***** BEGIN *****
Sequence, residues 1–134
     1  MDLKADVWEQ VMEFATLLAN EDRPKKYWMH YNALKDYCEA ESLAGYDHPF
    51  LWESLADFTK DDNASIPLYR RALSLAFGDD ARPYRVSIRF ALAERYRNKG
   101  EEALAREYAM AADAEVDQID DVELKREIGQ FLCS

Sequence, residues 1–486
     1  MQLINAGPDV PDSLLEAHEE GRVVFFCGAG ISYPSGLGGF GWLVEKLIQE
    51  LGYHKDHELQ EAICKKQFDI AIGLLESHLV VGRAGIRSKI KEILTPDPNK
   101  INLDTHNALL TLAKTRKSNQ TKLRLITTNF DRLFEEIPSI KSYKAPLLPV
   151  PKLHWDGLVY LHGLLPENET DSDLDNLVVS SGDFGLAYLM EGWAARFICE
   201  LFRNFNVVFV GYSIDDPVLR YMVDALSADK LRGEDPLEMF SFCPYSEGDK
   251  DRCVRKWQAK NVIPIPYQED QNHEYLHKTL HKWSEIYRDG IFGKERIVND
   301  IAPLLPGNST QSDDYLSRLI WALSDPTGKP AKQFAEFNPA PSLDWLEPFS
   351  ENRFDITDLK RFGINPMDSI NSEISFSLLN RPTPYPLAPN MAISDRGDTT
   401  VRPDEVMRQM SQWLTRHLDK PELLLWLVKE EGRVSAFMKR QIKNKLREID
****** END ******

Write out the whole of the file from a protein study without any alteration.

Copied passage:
Sequence, residues 1–134
     1  MDLKADVWEQ VMEFATLLAN EDRPKKYWMH YNALKDYCEA ESLAGYDHPF
    51  LWESLADFTK DDNASIPLYR RALSLAFGDD ARPYRVSIRF ALAERYRNKG
   101  EEALAREYAM AADAEVDQID DVELKREIGQ FLCS

Sequence, residues 1–486
     1  MQLINAGPDV PDSLLEAHEE GRVVFFCGAG ISYPSGLGGF GWLVEKLIQE
    51  LGYHKDHELQ EAICKKQFDI AIGLLESHLV VGRAGIRSKI KEILTPDPNK
   101  INLDTHNALL TLAKTRKSNQ TKLRLITTNF DRLFEEIPSI KSYKAPLLPV
   151  PKLHWDGLVY LHGLLPENET DSDLDNLVVS SGDFGLAYLM EGWAARFICE
   201  LFRNFNVVFV GYSIDDPVLR YMVDALSADK LRGEDPLEMF SFCPYSEGDK
   251  DRCVRKWQAK NVIPIPYQED QNHEYLHKTL HKWSEIYRDG IFGKERIVND
   301  IAPLLPGNST QSDDYLSRLI WALSDPTGKP AKQFAEFNPA PSLDWLEPFS
   351  ENRFDITDLK RFGINPMDSI NSEISFSLLN RPTPYPLAPN MAISDRGDTT
   401  VRPDEVMRQM SQWLTRHLDK PELLLWLVKE EGRVSAFMKR QIKNKLREID